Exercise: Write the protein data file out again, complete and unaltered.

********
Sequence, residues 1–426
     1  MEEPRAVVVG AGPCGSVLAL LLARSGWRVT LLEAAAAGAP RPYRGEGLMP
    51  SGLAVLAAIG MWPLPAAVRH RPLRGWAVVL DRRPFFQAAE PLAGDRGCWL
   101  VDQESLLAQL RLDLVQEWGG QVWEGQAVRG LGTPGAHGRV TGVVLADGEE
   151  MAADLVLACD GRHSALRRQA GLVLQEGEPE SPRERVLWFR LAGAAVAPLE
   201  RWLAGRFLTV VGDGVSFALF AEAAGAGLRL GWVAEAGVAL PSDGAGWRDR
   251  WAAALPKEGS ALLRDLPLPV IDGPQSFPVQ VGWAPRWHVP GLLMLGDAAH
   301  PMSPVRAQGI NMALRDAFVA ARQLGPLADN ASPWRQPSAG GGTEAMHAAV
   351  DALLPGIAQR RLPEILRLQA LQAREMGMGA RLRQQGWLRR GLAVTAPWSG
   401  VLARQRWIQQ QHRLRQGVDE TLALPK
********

Sequence, residues 1–426
     1  MEEPRAVVVG AGPCGSVLAL LLARSGWRVT LLEAAAAGAP RPYRGEGLMP
    51  SGLAVLAAIG MWPLPAAVRH RPLRGWAVVL DRRPFFQAAE PLAGDRGCWL
   101  VDQESLLAQL RLDLVQEWGG QVWEGQAVRG LGTPGAHGRV TGVVLADGEE
   151  MAADLVLACD GRHSALRRQA GLVLQEGEPE SPRERVLWFR LAGAAVAPLE
   201  RWLAGRFLTV VGDGVSFALF AEAAGAGLRL GWVAEAGVAL PSDGAGWRDR
   251  WAAALPKEGS ALLRDLPLPV IDGPQSFPVQ VGWAPRWHVP GLLMLGDAAH
   301  PMSPVRAQGI NMALRDAFVA ARQLGPLADN ASPWRQPSAG GGTEAMHAAV
   351  DALLPGIAQR RLPEILRLQA LQAREMGMGA RLRQQGWLRR GLAVTAPWSG
   401  VLARQRWIQQ QHRLRQGVDE TLALPK